Back at home, she had what she now assumed was a seizure in her night-time sleep. She woke her parents up and her dad stayed awake while she fell back asleep on the couch watching TV. In the morning, she was feeling a bit off and then it happened: she had a seizure in the day right in front of them at home, just a few hours after her night episode. “That was the first witnessed seizure that I’d had,” she says. “My dad took over and put me on my side, did all of that. And my mom got on the phone and called 9-1-1 because it was two seizures within about four hours. So they said, ‘hey, we should get this checked out.’”

At the hospital, the on-call neurologist diagnosed her with epilepsy and started her on anti-seizure medications. She stayed in hospital for a few days for monitoring. “It was just a few days before my 20th birthday, and I was thinking this is an awful way to start my 20s. Then I lost my driver’s license. I lost literally everything.” In Ontario, like many regions across the country, your driver’s license is suspended if you have a seizure disorder that may make it dangerous to drive.

Thomas is definitely not alone. More than 300, 000 Canadians – or about one in every 100 people – have epilepsy, a debilitating neurological disorder that is characterized by repeated seizures of various types and severity. Seizures happen when abnormal electric signals from the brain change the way the body functions. This can bring on a loss of consciousness and rhythmic jerking movements, which is what people generally associate with seizures.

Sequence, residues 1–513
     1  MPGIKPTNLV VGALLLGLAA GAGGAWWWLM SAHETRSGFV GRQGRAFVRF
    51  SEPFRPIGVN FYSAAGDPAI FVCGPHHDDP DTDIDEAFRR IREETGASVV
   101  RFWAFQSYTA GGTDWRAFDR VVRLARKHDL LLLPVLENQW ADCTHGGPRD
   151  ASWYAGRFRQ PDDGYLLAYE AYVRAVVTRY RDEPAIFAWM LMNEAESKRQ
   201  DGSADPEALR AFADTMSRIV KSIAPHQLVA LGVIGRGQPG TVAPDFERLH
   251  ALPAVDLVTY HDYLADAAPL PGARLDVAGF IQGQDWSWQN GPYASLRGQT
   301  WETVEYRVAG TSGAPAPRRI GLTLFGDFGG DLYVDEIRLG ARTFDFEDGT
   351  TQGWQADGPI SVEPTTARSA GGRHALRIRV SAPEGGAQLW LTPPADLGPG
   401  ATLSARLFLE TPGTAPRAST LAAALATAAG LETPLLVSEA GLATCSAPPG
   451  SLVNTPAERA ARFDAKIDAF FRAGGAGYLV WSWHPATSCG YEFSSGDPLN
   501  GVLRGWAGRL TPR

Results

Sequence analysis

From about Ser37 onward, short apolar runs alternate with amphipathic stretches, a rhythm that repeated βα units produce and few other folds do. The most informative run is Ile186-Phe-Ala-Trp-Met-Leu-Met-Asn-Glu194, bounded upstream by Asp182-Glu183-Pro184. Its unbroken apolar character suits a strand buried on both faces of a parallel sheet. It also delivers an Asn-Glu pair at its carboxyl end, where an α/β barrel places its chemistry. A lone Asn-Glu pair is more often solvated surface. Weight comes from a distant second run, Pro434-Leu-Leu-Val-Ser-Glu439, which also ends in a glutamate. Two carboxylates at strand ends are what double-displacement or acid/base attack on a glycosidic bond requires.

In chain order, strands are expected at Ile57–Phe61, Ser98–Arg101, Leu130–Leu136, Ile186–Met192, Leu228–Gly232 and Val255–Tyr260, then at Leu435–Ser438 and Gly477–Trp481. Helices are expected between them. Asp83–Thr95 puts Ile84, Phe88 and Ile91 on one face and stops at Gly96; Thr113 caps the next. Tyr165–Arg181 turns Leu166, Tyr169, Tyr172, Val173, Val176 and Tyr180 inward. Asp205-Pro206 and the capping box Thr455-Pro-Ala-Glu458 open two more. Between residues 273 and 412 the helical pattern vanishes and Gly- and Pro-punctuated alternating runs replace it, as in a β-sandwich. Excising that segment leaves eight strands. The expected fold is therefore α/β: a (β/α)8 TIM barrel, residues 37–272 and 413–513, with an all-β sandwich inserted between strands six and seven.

But these electric signals can also cause a temporary uncontrollable twitching of a body part or a sudden, brief change in feeling, or strange sensations and emotions with possible abnormal behavior, according to the national charity Epilepsy Canada. Why they happen is the subject of ongoing research. Scientists do know that any event, like faulty wiring during brain development, brain inflammation, physical injury or infection can lead to seizure and epilepsy. According to recent estimates, though, in up to 50 per cent of patients diagnosed with epilepsy, the cause is unknown.